Modernism Poetry: Auden Group of Poets

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      With the opening of the fourth decade of 20th century there was again a brilliant out-burst of English poetry; the 3rd decade being a comparative lull. It was mostly the poetry of and for the rising generation. The elder poets were still there in the field. The older Yeats still remained a living force, admired by the new poets of all schools. Kipling produced new poems in a prophetic vein, pointing to the coming disaster. Sassoon, "the angry satirist of war and materialism" was still active. Masefield, the Poet-Laureate, still wrote poetry in his traditional manner.

But by far the most important poets of the Modernism who gave the poetry of the decade its peculiar flavour are a new group that include Auden, the leader of the group, Cecil Day Lewis, William Empson, Stephen Spender, Christopher Isherwood and Leuis MacNiece.
Modernism Poetry

      But by far the most important poets of the Modernism who gave the poetry of the decade its peculiar flavour are a new group that include Auden, the leader of the group, Cecil Day Lewis, William Empson, Stephen Spender, Christopher Isherwood and Leuis MacNiece. The poets are bound together by common affinities and formed a natural group. They were educated at Oxford and Cambridge. They were upper and middle class intellectuals. They were young, read one another's work, compared ideas and developed a natural understanding of the principles of poetry which were to guide them. "They encouraged one another in the contempt of the 'bourgeois' and for social standards based on wealth, snobbishness, intellectual indolence and effect ethical standards. They had read the war books which came out in the twenties, and blamed a civilization which could produce wars and tolerate disorganisation, exploitation and stupid frivolity.

      They despised a literature which appeared to acquiesce in the situation or seek escape in the past and in sentimentalism and was content with a language and metrical forms belonging to an obsolete order and the ideas irrelevant to the present crisis". (Scott-James). Thus this group had a revolutionary creed. They meant poetry to speak in a new language and rhythm. Its imagery should draw on modern life and its vocabulary on contemporary speech, and its rhythm too should be nearer to that of natural speech. They meant their poetry to make a call on the intellect than on the emotions of the readers.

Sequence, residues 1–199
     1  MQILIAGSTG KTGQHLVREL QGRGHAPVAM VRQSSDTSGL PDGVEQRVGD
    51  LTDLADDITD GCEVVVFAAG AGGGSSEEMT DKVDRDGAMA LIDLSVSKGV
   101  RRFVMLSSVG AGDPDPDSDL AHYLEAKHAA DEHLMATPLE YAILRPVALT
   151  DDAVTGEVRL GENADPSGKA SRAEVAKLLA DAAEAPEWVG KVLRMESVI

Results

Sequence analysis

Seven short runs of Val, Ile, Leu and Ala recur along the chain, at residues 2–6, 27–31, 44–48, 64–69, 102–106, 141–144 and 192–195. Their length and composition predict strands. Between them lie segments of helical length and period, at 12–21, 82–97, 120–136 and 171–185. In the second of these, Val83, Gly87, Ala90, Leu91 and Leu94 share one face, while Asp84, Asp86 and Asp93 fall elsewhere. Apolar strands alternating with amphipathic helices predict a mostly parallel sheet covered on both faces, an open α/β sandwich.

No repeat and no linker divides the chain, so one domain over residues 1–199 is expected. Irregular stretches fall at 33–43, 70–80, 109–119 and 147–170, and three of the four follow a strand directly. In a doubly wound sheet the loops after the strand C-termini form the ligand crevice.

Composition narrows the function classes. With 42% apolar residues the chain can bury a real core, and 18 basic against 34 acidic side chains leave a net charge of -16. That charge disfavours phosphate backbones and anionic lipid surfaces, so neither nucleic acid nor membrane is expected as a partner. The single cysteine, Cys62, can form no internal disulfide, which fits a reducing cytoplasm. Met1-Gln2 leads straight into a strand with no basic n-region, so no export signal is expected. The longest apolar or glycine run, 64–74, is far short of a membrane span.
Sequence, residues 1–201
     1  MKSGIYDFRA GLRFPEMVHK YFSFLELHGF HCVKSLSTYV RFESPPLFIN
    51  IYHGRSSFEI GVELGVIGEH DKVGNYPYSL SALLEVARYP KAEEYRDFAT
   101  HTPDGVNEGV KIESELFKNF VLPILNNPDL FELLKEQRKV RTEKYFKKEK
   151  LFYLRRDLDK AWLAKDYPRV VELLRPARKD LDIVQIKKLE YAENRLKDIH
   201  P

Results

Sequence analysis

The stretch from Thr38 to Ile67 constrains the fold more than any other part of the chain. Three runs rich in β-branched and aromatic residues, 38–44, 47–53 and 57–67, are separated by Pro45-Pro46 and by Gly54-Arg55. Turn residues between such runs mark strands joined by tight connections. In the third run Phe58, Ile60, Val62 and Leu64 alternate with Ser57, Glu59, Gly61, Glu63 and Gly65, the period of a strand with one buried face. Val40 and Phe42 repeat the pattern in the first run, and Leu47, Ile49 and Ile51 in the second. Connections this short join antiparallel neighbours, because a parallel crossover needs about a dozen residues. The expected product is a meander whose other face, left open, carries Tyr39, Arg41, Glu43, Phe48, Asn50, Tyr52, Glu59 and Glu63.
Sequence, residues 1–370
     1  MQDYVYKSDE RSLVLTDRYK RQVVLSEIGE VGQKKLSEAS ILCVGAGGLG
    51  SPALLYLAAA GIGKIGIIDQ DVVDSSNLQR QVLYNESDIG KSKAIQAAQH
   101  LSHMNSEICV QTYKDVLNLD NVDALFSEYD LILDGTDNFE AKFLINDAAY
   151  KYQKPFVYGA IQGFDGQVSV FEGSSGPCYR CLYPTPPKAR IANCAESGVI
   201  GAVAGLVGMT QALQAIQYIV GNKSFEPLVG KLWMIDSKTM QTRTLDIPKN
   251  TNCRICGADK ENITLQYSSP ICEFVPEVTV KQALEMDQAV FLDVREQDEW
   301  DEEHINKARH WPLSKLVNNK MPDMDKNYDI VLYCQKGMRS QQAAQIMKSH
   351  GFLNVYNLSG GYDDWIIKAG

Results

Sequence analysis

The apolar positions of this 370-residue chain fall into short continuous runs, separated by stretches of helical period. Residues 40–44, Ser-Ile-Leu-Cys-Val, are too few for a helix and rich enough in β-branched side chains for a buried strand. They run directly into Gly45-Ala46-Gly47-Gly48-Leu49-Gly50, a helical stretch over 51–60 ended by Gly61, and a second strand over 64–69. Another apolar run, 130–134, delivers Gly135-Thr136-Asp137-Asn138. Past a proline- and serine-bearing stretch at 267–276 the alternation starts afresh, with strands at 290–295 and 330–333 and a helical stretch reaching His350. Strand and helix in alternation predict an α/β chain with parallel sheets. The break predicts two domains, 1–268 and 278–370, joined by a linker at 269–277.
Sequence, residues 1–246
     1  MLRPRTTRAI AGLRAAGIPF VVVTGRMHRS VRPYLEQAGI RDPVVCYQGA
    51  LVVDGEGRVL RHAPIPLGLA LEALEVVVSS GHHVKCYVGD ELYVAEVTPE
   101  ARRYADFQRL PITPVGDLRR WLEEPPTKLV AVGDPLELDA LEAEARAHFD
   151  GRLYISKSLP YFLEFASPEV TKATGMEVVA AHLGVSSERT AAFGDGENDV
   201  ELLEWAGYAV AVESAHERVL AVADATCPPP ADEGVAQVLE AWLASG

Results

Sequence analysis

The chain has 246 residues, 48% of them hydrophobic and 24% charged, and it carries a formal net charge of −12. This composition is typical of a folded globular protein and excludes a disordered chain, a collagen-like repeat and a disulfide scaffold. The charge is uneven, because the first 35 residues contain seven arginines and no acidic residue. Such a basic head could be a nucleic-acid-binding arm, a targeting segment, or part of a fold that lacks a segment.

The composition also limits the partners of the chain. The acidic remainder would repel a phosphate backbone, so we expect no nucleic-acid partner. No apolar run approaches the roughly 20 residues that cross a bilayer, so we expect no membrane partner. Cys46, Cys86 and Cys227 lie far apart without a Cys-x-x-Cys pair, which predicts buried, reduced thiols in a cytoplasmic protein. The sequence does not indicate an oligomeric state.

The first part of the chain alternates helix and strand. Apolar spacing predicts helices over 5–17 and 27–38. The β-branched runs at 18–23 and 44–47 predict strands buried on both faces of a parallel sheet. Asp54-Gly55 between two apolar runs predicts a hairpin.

All modern knowledge should be at their disposal. In most of these things their master was Eliot. But their attitude to life was no Eliot's. They held that it was the duty of the poets to take sides in politics and to use poetry to that end. In politics they stood on the left, upholding the cause of the 'proletariat.' "They found the contemporary scene dark enough with its grave financial crisis, unemployment problem and threats of another European War. Though it was a Waste Land in their eyes, they did not despair, but were determined to beat the sick society by their poetry. They adopted Communism as their faith and their general attitude was strongly inspired by their reading of Karl Marx and it gave a positive vital force to their poetry" (Collins).

      W. H. Auden (1907-1973) the leader of the group, is a richly-endowed poet and his influence on the contemporaries is deep. As Scarfe has observed: "Auden has been a liberating influence which gave the younger writers a self-confidence which they might otherwise have had a fight dearly.... He enlarged for the younger writers the vocabulary, syntax, rhythm and imagery of poetry His poetic development followed a clear upward curve. His first notable volume, Poems of 1930 shows the consciousness of the old effete social, political and economic set-up of the world and of the need of revolution if we want to live, 'we'd better start to die'. The disease is at once psychological and economic and Freud and Marx are called in for doctoring it. The tragedy of the Spanish War wiped away the ironic smile from his lips and the poem Spain was written in a deadly earnest tone. Look, Stranger which came in 1936 is a collection of beautiful lyrics, which remind us ot Elizabethan lyrics in expression of emotions. With the outbreak of the Second World War he went to America and became a naturalised citizen there (his wife a German, the daughter of the famous German writer Thomas Mann). It is interesting that Auden has recently returned to England and as a fitting recognition of his poetic genius the office of the Poet-Laureate was offered to him but he refused it. His earlier style was full of mannerisms but in the latter volumes it developed on the proper lines and attained a grace and dignity of its own.